SAN JOSE, CA—A federal grand jury in San Jose indicted John Geringer and Christopher Luck of Scotts Valley, California, and Keith Rode of Franklin, Wisconsin, on Wednesday with mail fraud, wire fraud, securities fraud, money laundering, and conspiracy to commit mail and wire fraud, United States Attorney Melinda Haag announced.
According to the indictment, Geringer, 48; Luck, 56; and Rode, 45, are alleged to have been partners in the management of an investment company called Geringer, Luck, and Rode LLC (GLR). GLR managed an investment fund called GLR Growth Fund. The partners recruited individuals to invest in the GLR Growth Fund. The partners assured these investors that the fund would invest in a diversified array of assets, including publicly traded equities and direct private company investments. Instead, according to the indictment, after 2009 the partners diverted investor funds almost exclusively into two privately‑held companies. The indictment alleges that between 2006 and 2009, Geringer misrepresented his investment performance to his partners and his investors. Then, according to the indictment, after Luck and Rode learned of Geringer’ s misrepresentations, they continued to recruit new investors knowing that any investment would not be allocated among diversified assets, as promised but rather would go entirely towards private companies. GLR received more than $60 million from investors but diverted half of the money to themselves and private companies in which they held an interest.
Geringer, Luck, and Rode are scheduled to make their initial appearance in federal court in San Jose on January 17, 2013, at 1:30 p.m. before United States Magistrate Judge Howard R. Lloyd.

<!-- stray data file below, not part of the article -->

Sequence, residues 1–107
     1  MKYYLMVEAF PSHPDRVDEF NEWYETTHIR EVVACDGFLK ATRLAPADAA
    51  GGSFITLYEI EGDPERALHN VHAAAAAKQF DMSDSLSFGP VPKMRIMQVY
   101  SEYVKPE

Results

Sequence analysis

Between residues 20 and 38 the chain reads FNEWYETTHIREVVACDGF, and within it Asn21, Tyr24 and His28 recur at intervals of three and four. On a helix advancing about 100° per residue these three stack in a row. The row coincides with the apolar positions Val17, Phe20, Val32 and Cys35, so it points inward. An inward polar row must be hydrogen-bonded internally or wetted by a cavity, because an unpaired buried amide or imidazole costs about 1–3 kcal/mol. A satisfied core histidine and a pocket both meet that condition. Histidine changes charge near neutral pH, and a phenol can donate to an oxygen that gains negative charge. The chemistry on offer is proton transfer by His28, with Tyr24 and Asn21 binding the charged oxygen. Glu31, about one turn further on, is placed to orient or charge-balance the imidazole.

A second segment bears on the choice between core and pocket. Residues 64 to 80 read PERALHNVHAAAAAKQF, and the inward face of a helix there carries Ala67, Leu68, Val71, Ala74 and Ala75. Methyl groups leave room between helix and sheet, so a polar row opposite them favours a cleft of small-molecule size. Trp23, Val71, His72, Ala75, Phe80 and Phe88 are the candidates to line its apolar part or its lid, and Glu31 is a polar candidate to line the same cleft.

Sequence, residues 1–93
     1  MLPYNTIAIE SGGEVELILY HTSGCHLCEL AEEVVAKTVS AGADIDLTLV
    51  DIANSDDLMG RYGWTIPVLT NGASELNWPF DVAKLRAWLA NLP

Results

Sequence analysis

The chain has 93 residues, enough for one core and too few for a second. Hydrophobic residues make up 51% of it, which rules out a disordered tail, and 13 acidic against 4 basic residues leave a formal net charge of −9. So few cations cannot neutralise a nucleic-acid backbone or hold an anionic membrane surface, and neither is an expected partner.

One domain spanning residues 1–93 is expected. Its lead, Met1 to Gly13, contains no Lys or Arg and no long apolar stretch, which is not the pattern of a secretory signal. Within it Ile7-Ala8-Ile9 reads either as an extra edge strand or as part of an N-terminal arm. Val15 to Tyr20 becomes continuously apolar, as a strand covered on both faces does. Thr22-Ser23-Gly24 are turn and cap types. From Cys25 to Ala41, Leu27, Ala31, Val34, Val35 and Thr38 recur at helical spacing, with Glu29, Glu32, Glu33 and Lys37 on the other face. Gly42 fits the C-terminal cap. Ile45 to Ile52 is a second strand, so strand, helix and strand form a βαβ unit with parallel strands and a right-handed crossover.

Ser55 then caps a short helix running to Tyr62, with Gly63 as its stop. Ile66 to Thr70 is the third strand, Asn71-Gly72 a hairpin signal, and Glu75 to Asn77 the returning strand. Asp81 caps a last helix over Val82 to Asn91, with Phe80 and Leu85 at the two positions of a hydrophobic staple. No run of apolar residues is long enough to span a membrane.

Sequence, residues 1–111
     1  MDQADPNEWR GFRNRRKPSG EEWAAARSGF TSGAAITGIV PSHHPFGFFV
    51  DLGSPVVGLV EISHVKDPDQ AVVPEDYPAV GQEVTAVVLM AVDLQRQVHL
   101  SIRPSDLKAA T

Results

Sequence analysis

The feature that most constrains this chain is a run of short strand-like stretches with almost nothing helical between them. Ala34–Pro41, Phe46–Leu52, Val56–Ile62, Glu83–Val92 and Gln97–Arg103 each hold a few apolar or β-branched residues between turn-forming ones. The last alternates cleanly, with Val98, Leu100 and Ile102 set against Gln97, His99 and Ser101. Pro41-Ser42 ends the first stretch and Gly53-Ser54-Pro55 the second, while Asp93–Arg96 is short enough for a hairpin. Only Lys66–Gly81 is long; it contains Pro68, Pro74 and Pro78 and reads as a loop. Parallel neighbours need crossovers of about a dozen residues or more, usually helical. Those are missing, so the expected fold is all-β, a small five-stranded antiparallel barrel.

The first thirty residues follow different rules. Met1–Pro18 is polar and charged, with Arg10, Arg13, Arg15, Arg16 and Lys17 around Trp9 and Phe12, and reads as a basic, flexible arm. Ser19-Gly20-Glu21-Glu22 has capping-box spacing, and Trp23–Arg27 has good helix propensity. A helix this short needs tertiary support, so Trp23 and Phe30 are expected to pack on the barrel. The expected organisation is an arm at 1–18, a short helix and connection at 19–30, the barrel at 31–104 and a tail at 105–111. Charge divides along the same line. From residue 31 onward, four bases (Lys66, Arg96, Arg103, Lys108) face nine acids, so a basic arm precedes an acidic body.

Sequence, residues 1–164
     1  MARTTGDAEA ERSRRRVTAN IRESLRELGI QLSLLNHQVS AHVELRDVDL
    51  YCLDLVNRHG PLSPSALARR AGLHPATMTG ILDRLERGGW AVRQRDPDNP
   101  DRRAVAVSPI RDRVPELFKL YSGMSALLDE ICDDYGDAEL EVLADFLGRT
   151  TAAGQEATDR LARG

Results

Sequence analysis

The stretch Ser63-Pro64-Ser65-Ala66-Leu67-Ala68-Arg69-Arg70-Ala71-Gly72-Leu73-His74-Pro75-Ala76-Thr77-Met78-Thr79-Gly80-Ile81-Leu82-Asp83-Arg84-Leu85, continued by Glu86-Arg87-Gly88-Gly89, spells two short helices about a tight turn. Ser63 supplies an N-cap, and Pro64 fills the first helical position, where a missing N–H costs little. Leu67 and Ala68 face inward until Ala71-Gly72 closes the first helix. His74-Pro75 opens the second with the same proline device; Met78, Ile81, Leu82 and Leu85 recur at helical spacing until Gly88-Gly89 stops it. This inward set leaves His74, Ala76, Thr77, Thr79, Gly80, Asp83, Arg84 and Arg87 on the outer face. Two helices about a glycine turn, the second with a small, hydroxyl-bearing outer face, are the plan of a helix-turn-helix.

The maximum penalty for each count of conspiracy to commit mail and wire fraud in violation of Title 18, United States Code, Section 1349, and for the substantive mail and wire fraud counts, is 20 years in prison and a fine of $250,000, or twice the gross gain or loss from the offense, plus restitution. The maximum penalty for each count of securities fraud in violation of Title 15, United States Code, Sections 78j(b) and 78ff, and Title 17, Code of Federal Regulations, Sections 240.10b‑5 and 240.10b5‑2, is 20 years in prison and a fine of $5 million, plus restitution. The maximum penalty for each count of engaging in monetary transactions in property derived from specified unlawful activity, in violation of Title 18, United States Code, Section 1957(a), is 10 years in prison and a fine of $250,000, or twice the amount of the criminally derived property involved in the transaction, plus restitution. However, any sentence following conviction would be imposed by the court after consideration of the U.S. Sentencing Guidelines and the federal statute governing the imposition of a sentence, 18 U.S.C. § 3553.